"Follow That Dinosaur" is a splendid example of Land of the Lost's excellent story-telling for a number of reasons. First of all, it adds to the "lore" of the land, and reveals how the Altrusians came to be known as Sleestak. It was Pvt. Koenig who named them, after an officer in the army he disliked, one "Joshua Sleestak." The episode also reveals it is Koenig who wrote the warning on a pillar near the lost city: "Beware of Sleestak," which was revealed in the first episode. These touches reveal more background about the Land of the Lost, and also uncover a great deal of its history. People have been getting "trapped" there for centuries.

Beyond revealing some great background about the Land of the Lost, "Follow that Dinosaur" is a pretty suspenseful and dark 22-minute adventure for a show that aired on Saturday mornings. The Marshall family (including two children...) happen upon the corpse of their would-be savior, Pvt. Koenig, and the episode doesn't candy-coat his failure to escape this alternate world, or the details of his death. Furthermore, the episode is quite tense (and even a little scary...) as the Marshalls' realize their predicament in the lava cave, and try to flee the city. All around them, the frozen Sleestak begin to awake, ripping out of their cobwebs, and beginning that trademark "hissing" sound. I, for one, will never forget the sight of these leviathans awakening, like juggernauts, moving from their sleep pedestals and going after the family. Tolerable terror, no doubt, for an adult, but as a kid, this kind of thing was really fear-inducing, and I appreciate Land of the Lost for aiming high; not being a "kiddie" show in any conventional sense.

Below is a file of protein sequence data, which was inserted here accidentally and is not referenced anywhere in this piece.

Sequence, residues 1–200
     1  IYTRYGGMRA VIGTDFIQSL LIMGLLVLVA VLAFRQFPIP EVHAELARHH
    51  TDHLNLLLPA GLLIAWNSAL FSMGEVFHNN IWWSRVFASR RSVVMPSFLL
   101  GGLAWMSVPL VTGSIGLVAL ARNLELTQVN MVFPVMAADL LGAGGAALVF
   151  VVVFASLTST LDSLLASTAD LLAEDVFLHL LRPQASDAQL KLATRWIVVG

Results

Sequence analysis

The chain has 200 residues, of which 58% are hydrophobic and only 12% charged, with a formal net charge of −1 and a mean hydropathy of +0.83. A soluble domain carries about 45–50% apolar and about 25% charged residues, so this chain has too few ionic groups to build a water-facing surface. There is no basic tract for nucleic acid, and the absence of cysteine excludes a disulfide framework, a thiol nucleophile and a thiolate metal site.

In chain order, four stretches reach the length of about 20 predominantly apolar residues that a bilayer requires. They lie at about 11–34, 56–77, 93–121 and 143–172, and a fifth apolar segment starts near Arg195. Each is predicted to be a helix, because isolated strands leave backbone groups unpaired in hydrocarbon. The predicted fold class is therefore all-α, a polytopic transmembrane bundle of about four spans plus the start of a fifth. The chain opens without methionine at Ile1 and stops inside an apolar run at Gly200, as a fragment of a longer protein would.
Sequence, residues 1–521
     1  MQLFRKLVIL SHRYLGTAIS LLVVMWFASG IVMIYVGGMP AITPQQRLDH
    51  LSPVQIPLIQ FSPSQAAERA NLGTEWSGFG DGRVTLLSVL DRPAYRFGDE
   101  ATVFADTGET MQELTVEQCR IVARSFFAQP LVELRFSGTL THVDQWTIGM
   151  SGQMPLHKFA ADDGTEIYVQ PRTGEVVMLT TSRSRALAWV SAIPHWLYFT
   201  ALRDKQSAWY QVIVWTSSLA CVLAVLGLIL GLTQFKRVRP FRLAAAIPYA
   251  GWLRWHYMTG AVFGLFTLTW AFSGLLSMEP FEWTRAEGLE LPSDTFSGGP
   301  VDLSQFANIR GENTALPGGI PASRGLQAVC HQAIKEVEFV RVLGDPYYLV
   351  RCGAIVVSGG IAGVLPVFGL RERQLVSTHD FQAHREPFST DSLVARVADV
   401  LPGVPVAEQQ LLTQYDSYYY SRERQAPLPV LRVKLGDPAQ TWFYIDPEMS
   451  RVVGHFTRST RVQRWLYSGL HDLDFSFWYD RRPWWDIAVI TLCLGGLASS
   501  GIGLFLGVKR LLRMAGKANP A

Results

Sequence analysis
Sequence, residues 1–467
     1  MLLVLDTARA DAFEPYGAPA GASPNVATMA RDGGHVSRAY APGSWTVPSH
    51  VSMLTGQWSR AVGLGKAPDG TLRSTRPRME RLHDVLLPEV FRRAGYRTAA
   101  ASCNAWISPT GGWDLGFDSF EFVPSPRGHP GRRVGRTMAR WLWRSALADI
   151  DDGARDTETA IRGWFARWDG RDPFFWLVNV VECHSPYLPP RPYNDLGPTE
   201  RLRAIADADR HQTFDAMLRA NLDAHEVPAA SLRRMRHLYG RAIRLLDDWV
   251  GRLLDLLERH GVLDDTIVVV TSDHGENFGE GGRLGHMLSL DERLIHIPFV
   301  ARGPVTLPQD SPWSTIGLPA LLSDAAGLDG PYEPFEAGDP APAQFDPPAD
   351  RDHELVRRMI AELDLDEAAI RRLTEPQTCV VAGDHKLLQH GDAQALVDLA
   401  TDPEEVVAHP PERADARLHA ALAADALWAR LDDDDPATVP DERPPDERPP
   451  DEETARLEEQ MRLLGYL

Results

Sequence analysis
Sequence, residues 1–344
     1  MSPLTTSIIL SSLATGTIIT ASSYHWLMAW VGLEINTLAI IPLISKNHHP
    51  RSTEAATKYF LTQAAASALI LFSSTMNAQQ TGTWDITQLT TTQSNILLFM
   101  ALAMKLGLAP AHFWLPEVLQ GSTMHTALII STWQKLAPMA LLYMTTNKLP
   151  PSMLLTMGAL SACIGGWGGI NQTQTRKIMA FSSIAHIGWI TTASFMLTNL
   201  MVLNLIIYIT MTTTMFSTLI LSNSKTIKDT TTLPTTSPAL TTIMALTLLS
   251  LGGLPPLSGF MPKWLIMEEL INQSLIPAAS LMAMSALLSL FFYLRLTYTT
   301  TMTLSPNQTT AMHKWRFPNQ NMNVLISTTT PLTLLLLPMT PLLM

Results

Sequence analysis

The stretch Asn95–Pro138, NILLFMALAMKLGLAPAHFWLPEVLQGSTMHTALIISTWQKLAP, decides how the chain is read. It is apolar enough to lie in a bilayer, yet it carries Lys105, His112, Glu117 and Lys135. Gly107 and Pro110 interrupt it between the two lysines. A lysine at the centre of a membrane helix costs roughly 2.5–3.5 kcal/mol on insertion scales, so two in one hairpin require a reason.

There's more to like in the episode too, including a brief message about equality of the sexes (Holly's comment to Will that "Girls can do anything a boy can do,"). I also love how Rick Marshall demonstrates his trust in his children and encourages them to clear the offending ferns by themselves. His message is clear: he has belief in their abilities, and trusts them to be safe and get the job done. It's a positive role model of how parents can treat children, and in the process build self-esteem (rather than infantilizing them...). As a dinosaur buff and long-time fan of the series, I also like the fact that this is the episode where Grumpy crosses the crevice and finally has a smackdown with Big Alice, the allosaur who guards the Lost City. As a kid weaned on King Kong, The Land That Time Forgot and other such ventures, I was thrilled to see some dinosaur-against-dinosaur action.

But most of all, I love "Follow that Dinosaur" because I enjoy the (old) idea of finding a journal, following written maps, and exploring new and dangerous terrain in a jungle world. Derivative, perhaps of Journey to the Center of the Earth, the story is still very exciting, and its grim conclusion is chill-inducing. "Follow that Dinosaur" reveals new Land of the Lost history, involves its characters in a stirring adventure, features some creepy chills, and ends on a dark, even grim note. What's not to love?

They just don't make kids' shows like this anymore. The entire series is available on DVD, and if you have young children, you should purchase it right now! If you want to a foster a life-long love of science fiction in your kids, this show will spark their imagination. And the stories are so good, you won't even mind the dated special effects (which were quite good in their day...).

Thursday, September 01, 2005

Thursday Retro-Toy Flashback # 8: Power Records

In the 1970s and 1980s - the age before DVD box sets - young fans of movies and TV shows had a different outlet to explore their favorite franchise. To wit, there was Power Records, a division of Peter Pan Industries, which released a bevy of full-color comic-book stories to go with 7 inch (45 rpm) audio albums. Here, you truly got two toys for the price of one.